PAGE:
PM: How did you eventually get started in locations?
MH: My first opportunity scouting locations came about by happenstance. At the time, I was working as the assistant to the co-executive producer on Survivor who was a mere days away from going to Africa to scout for Season 3. The production manager who had organized the trip became ill and could not travel. They ended up asking me to fill in for her as I knew the show and the scout schedule. It was on that trip that I knew I wanted to work in locations. Several years later, after moving to BC and becoming a Canadian citizen through marriage, I started scouting on DGC (Directors Guild of Canada) projects. Once I was eligible to join, I became a member.
PM: Is it true you were involved in the Olympics?
MH: Yes, I had the honor of being part of the Vancouver 2010 Olympic and Paralympic Games as the script writer for the medals ceremonies. I grew up wanting to be an Olympian, so the kid in me loved being part of the pageantry of it all. I would walk to work in the morning and see spectators heading out to events dressed in their respective country’s colors, waving flags and singing national anthems. When their country won a medal, they would buy food and drinks for anyone who was around. It was incredible to be part of a global event like that!
PM: How did the skills you learned on Survivor & The Amazing Race translate to your career in locations?
MH: There are so many skills that I learned while working internationally in those early years. I learned how to work through difficult situations and be resourceful. When you are shooting overseas, you might not have access to all of the resources you would find in Canada or America. You quickly learn to plan ahead and ensure you have everything you need before you leave for a location, which has been helpful since most of the shoots I do in BC are in remote areas.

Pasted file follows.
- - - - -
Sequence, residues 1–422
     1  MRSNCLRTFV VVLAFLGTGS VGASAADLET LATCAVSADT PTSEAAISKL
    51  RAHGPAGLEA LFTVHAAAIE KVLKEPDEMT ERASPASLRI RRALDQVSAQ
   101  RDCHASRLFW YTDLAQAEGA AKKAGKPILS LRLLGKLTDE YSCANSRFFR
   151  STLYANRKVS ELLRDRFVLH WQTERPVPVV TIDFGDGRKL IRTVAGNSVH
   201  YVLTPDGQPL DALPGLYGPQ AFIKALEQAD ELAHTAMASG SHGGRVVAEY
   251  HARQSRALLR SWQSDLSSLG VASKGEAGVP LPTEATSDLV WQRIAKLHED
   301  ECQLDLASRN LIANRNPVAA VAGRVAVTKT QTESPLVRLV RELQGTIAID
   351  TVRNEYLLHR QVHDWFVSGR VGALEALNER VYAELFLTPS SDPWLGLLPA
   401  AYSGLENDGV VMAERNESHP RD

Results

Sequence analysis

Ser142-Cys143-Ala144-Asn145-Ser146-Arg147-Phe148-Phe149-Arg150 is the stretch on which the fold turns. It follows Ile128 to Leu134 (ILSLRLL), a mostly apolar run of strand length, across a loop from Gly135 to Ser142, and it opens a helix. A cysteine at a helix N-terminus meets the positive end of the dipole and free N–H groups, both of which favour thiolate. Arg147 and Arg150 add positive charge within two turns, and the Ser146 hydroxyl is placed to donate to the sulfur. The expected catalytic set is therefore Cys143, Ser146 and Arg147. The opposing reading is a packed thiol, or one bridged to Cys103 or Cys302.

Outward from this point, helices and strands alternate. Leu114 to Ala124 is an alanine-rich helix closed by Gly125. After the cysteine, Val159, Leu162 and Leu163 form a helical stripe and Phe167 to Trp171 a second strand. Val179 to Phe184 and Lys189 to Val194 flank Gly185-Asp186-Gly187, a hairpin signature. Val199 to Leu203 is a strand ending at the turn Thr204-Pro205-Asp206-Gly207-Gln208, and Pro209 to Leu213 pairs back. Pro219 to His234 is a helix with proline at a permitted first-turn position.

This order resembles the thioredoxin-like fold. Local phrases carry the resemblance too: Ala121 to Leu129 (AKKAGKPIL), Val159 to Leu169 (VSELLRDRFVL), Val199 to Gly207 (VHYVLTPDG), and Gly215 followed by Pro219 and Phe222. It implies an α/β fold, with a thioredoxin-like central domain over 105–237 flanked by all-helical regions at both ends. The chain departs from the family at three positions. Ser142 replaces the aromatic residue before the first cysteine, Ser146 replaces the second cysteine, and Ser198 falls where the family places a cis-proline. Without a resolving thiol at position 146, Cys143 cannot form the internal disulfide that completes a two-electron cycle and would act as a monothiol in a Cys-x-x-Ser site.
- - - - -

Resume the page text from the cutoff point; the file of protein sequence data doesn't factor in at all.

PM: So what’s next for you in the locations world?
MH: Most recently, I have been working with plate units in some of British Columbia’s most dramatic locations. I am seeing more productions choosing to shoot on a stage with a green screen rather than travelling cast and a large crew to location. Some of the plate units have two or three crew on set, while others might have upward of 40. I enjoy working on these types of shoots as you can access locations that might not be feasible for larger crews. My most recent work was for the Netflix production Slumberland. We spent two weeks filming everywhere from snowy mountaintops to ocean inlets.
PM: What have you found to be the most enjoyable part of your job?